Chronic lymphocytic leukemia (CLL) tends to have a better outlook than most other types of leukemia. Despite doctors generally considering the condition incurable, some people live for decades after their diagnosis.

Doctors classify leukemias as “acute” if they tend to develop quickly and “chronic” if they develop more slowly. CLL is usually a slow-growing form of leukemia, but some subtypes can be aggressive.

CLL isn’t usually curable, but some people need little or no treatment. The survival rates for CLL and most other types of leukemia continue to improve as researchers develop new treatments and figure out which combinations are most effective.

Keep reading to learn more about the life expectancy of people with CLL and the factors that influence survival.

About half of people with CLL survive for at least 10 years, but the survival period can range from 2 years to more than 20 years.

Doctors often use 5-year relative survival rates to report cancer survival rates. The 5-year relative survival rate is a measure of how many people with the cancer are alive 5 years later compared with people without the cancer. From 2014 to 2020 in the United States, people with CLL had a 5-year relative survival rate of 88.5%.

According to one 2018 paper, about one-third of people have CLL with an indolent course, meaning the cancer grows very slowly. These people have similar survival rates as people without CLL.

The same paper claims that about 10% of people have an aggressive form. Only about half of those people live for longer than 1 to 3 years.

Many factors can influence the chances of surviving CLL.

Researchers have come up with various systems for estimating the outlook for CLL, including the:

  • Rai staging system
  • Binet staging system
  • International Prognostic Index for Chronic Lymphocytic Leukemia (CLL-IPI)

Rai staging system

The Rai staging system classifies CLL into three categories.

low risk (stage 0)abnormal increase of lymphocytes, a type of white blood cell, in your blood and bone marrow
intermediate risk (stages 1 and 2)abnormal increase of lymphocytes in your blood and bone marrow with either:

enlarged lymph nodes


• an enlarged spleen, liver, or both
high risk (stages 3 and 4)abnormal increase of lymphocytes in your blood and bone marrow with either:

anemia, or a low red blood cell count


thrombocytopenia, or a low platelet count

Binet staging system

The Binet staging system is broken into stages A to C.

A• no anemia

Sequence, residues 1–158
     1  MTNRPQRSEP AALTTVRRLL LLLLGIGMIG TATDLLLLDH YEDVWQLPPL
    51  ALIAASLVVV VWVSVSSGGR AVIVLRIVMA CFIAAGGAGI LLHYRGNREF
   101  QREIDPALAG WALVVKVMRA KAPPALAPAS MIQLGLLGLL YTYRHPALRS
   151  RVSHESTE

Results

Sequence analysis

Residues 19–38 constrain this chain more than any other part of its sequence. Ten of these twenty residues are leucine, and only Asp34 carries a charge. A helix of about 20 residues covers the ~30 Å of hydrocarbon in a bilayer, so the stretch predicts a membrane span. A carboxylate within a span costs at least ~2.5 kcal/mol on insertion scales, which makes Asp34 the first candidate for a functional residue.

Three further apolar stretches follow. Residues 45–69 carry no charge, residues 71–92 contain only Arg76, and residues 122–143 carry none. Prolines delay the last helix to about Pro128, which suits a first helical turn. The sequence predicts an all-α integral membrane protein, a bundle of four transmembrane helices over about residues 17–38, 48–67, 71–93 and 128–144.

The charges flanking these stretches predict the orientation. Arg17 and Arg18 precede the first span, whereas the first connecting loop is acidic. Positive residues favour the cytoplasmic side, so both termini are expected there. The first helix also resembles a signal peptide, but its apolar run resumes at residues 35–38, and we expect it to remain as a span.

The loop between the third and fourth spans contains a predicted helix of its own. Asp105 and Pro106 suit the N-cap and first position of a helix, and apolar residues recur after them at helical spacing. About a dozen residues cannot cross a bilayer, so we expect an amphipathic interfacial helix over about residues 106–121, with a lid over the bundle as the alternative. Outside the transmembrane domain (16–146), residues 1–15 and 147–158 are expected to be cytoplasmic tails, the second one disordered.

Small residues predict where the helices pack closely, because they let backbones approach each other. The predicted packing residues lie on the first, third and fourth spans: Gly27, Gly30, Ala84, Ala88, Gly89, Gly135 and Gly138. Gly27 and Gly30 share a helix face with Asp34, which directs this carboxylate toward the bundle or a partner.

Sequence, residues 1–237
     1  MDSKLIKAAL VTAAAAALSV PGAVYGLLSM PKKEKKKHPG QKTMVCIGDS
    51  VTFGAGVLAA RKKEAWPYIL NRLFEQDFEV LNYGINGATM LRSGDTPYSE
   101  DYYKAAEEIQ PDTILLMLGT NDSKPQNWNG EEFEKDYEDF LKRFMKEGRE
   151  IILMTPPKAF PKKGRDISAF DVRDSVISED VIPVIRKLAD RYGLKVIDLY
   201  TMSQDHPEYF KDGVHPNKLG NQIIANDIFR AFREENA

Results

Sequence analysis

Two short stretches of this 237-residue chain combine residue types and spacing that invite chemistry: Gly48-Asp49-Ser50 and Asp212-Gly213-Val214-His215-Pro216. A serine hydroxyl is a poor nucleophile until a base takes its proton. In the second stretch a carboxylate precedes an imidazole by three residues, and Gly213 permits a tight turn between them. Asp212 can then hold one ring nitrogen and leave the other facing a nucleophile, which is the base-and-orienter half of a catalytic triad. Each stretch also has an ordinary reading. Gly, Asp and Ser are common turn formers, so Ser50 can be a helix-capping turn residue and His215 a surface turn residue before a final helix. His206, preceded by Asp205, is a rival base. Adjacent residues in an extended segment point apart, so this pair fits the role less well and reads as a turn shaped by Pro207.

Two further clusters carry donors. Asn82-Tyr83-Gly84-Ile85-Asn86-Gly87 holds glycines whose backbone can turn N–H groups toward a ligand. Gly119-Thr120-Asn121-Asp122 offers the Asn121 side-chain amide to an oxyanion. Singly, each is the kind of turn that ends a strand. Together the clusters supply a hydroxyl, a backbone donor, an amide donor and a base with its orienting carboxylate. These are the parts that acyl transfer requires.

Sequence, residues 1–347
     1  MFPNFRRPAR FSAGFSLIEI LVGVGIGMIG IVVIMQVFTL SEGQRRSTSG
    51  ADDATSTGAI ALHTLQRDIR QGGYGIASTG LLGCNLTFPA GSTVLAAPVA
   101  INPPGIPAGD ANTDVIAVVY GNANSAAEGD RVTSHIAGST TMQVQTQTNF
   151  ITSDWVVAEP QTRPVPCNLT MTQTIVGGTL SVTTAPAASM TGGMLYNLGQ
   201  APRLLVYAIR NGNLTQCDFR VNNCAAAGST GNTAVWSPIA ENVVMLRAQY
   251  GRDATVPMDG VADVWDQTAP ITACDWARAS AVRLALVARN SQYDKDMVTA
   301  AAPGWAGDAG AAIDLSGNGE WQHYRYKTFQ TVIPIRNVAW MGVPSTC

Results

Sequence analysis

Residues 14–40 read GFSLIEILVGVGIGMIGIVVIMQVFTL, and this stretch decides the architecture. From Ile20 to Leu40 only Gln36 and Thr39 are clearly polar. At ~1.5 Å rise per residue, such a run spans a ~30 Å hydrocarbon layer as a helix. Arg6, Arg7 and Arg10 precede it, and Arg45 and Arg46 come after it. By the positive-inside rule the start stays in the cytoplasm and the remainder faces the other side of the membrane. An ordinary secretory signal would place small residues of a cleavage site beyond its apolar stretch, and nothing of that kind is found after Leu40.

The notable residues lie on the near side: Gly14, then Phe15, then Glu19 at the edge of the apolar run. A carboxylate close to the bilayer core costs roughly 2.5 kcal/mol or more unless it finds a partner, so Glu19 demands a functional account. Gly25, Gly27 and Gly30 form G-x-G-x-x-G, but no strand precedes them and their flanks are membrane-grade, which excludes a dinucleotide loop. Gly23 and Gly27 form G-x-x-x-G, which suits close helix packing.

• no thrombocytopenia
• fewer than 3 areas of enlarged lymph tissue
B• no anemia
• no thrombocytopenia
• 3 or more areas of lymph tissue enlargement
C• anemia
• thrombocytopenia
• any number of areas of lymph tissue enlargement


The CLL-IPI uses a point system and considers five factors for determining your outlook.

age over 65 years1
Binet stage B or C or Rai stage 1 to 41
concentration of beta-2 microglobulin in your blood over 3.4 mg/L2
no associated mutation in IGHV gene2
TP53 gene mutation or deletion4

A doctor will use your total score to place your CLL into one of four categories.

CategoryPointsUsual treatment
low risk0 to 1no treatment
intermediate risk2 to 3no treatment unless problematic symptoms
high risk4 to 6treatment unless no symptoms
very high risk7 to 10new treatments or clinical trials, if being treated

In a 2024 study, researchers reported the following 3-year survival rates for people in each of these stages. They received treatment with targeted therapy drugs or chemotherapy and immunotherapy.

Stage3-year survival rate
low risk100%
intermediate risk96%
high risk93.9%
very high risk89.4%

Before, during, and after your treatment, it’s important to go to all your scheduled appointments so that your healthcare team can monitor the progression of your condition.

Treatment usually doesn’t aim to cure the condition, but it can slow down CLL’s progression and minimize your symptoms. Your doctor might not recommend treatment right away if you have low risk CLL.

It’s also a good idea to support your overall health with a healthy diet, plenty of rest, and regular exercise. When exercising, it’s best to listen to your body to avoid overexerting yourself.

Having CLL also increases your risk of developing an infection, so it’s a good idea to take precautions to avoid germs. These include:

  • washing your hands regularly
  • getting your vaccines regularly
  • wearing a mask when around people with infections

Learn more about managing daily life with CLL.

The progression rate of CLL can vary significantly among people. The indolent form of the condition tends to progress very slowly. Previous studies have found that only about one-quarter to one-fifth of people with the indolent form have evidence of progression after 1 year.

People with a mutation in their IGHV gene tend to have much more aggressive disease. Half of those people pass away within 1 to 3 years.

Most people who have an initial response to treatment will relapse at some point in the first 5 years of their treatment. If this happens to you, your healthcare team may recommend switching your treatment or increasing the dosage of your medications.

CLL generally has a better outlook than other forms of leukemia, but the outlook can vary widely. Some people have comparable survival to people without leukemia, and others may only live for 1 to 3 years after their diagnosis.

Your doctor can predict how aggressive your cancer will be based on factors such as the presence of certain gene mutations, your age, and your blood cell levels. Treatment usually doesn’t cure CLL, but it can help minimize your symptoms and prolong your survival.